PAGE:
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Machine learning is pretty complex, so we’ve been experimenting with ways to visualize what’s happening. There’s a core concept in machine learning called high-dimensional space. Here’s one way to wrap your head around this concept. You can think about people as being high-dimensional. For example, take famous scientists. You can think about when they were born, where they were born, their fields of study. Each of these is like a dimension of that person. These dimensions become difficult to untangle when you think about different people. Because someone might be similar in some ways, but very different in others. But this is the kind of thing you can use machine learning for.

With machine learning, the computer isn’t told the meaning of these dimensions. It just sees them as numbers. And it sees each set of numbers as a data point. But by looking across all of these dimensions at once, it’s able to place related points closer together in a high-dimensional space.

Here’s a concrete example where words are treated as high-dimensional data points. The important thing to remember is that we haven’t told the computer the meaning of words. Instead, we’ve shown it millions of sentences as examples of how words get used. Here’s a visualization of the results. We’re looking at a subset of words that the computer has learned about. Each dot represents one word. Each word is a data point with 200 dimensions. Using a technique called T-SNE, the computer clusters words together that it considers related. And clusters form based on meaning, even though we’ve never thought at the meaning of words. Here is a cluster of numbers, months of the year, words related to space, people’s names, cities, and so on. We can also look closely at smaller sets of words. If we search piano, we can run T-SNE only on words related to piano. We get clusters of composers, genres, musical instruments, and more.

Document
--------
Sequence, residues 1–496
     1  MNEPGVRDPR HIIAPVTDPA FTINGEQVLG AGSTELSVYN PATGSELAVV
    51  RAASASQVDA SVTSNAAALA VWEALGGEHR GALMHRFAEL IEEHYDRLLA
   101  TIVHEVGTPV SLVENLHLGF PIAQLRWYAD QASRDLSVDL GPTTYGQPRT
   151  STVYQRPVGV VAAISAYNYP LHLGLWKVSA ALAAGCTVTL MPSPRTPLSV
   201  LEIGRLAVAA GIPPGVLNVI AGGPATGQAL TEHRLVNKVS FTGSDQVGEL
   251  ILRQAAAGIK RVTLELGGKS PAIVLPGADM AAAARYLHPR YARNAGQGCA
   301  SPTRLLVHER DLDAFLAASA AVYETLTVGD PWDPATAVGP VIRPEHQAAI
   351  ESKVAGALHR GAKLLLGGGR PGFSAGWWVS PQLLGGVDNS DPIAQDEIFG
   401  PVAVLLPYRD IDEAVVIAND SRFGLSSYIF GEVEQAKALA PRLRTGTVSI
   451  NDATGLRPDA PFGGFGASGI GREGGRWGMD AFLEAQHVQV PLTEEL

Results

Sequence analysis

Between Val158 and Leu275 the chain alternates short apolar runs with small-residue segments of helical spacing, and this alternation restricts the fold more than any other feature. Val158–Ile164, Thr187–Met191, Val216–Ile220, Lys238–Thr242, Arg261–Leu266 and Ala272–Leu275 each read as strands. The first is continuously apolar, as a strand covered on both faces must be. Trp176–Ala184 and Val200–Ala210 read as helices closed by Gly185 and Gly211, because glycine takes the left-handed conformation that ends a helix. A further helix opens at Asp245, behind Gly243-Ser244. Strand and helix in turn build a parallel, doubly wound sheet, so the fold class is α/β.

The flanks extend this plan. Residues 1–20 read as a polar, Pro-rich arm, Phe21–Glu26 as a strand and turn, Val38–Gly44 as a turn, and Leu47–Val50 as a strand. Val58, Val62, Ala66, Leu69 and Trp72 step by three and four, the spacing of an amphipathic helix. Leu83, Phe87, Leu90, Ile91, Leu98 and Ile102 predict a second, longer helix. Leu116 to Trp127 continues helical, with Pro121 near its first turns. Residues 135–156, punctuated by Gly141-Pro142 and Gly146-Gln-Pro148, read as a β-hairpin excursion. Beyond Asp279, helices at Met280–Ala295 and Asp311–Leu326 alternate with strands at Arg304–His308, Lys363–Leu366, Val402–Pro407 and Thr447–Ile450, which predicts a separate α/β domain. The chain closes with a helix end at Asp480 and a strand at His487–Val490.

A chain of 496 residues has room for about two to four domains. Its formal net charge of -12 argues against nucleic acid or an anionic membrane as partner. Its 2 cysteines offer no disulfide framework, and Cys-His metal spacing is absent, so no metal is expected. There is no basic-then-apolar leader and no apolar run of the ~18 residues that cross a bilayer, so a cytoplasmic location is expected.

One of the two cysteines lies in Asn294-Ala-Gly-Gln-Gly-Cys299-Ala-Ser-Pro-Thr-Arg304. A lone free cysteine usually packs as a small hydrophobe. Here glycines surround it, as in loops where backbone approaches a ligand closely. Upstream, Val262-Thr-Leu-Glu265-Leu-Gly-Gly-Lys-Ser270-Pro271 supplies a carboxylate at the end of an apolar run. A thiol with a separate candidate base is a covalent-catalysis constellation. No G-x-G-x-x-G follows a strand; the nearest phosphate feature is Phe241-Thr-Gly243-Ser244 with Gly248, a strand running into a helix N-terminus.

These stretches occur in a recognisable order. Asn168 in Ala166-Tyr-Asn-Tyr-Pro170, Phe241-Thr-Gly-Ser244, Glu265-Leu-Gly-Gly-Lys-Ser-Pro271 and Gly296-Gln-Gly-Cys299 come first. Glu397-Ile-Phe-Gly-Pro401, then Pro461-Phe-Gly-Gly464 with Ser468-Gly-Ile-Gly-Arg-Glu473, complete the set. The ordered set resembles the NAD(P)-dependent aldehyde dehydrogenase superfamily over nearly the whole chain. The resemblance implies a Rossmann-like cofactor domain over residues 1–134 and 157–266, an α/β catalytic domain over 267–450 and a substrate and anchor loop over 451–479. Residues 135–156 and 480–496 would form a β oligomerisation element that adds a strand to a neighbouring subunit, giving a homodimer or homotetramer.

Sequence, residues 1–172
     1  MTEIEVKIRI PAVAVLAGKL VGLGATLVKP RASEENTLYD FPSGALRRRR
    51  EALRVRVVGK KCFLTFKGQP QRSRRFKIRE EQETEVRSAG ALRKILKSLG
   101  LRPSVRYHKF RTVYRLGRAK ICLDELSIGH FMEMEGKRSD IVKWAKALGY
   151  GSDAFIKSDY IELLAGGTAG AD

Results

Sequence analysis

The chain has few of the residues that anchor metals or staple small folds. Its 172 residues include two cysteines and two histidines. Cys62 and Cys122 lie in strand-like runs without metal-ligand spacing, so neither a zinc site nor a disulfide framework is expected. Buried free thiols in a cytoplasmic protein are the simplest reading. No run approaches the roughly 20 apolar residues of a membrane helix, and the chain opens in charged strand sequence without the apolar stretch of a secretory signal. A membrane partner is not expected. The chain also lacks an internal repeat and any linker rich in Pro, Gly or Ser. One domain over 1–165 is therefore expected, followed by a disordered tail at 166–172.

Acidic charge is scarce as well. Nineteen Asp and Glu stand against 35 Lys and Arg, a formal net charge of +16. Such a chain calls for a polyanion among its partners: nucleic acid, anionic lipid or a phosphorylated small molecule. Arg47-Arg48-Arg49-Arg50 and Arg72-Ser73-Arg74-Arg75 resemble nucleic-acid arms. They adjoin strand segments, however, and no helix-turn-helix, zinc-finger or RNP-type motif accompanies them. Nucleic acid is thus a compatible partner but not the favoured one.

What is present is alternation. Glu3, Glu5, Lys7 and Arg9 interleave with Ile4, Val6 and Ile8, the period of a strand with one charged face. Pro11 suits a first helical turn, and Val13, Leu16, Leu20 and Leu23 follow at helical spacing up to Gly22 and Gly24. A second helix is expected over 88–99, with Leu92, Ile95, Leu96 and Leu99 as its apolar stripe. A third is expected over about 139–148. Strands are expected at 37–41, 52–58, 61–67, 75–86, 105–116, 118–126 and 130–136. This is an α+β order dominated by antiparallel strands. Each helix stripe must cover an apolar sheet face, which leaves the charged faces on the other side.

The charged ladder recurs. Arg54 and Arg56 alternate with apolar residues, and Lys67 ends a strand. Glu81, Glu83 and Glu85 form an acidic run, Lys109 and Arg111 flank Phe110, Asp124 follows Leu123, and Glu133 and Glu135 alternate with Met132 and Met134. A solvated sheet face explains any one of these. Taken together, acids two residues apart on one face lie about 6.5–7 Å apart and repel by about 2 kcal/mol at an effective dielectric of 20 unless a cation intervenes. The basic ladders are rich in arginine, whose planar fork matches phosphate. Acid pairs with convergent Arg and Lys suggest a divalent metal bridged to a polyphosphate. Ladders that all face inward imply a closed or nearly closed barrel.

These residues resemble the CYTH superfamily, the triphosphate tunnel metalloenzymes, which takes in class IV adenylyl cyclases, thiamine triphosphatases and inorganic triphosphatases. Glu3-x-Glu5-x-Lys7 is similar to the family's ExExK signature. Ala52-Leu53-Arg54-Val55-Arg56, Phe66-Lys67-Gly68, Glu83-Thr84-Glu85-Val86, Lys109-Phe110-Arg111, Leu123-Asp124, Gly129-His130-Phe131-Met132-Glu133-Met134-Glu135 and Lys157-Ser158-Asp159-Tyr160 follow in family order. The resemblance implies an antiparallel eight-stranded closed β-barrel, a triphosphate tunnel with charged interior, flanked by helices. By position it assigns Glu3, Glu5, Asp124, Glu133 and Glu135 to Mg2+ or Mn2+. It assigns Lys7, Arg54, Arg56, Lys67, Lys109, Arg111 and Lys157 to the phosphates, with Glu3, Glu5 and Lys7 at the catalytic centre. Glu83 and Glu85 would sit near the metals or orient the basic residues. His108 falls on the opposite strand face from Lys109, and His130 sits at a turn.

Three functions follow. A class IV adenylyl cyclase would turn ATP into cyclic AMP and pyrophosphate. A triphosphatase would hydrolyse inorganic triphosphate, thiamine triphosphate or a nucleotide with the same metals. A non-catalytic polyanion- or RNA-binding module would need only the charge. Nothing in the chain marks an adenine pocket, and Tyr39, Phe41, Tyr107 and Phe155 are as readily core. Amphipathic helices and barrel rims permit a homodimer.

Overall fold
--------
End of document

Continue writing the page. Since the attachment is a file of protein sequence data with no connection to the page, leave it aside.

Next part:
And this approach doesn’t just work for words. For example, you can also treat an image as a high-dimensional data point. Here’s a data set where lots of people wrote digits between 0 and 9. People write in all kinds of ways. So the question is, instead of us needing to manually code rules for all the ways people write, could a machine figured out itself using machine learning? Each image is 784 pixels. The computer treats each pixel as a dimension. Again, using T-SNE, it clusters these images in a high-dimensional space. We’ve color coded them so that it’s easier for us to see what’s going on. And you can see groups of digits clustering together. It’s learned something about the meaning of these digits. These visualization techniques we’ve been exploring can be useful for all kinds of things. That’s why we’re working on open sourcing all of this as part of TensorFlow, so that anyone can use these tools to explore their data.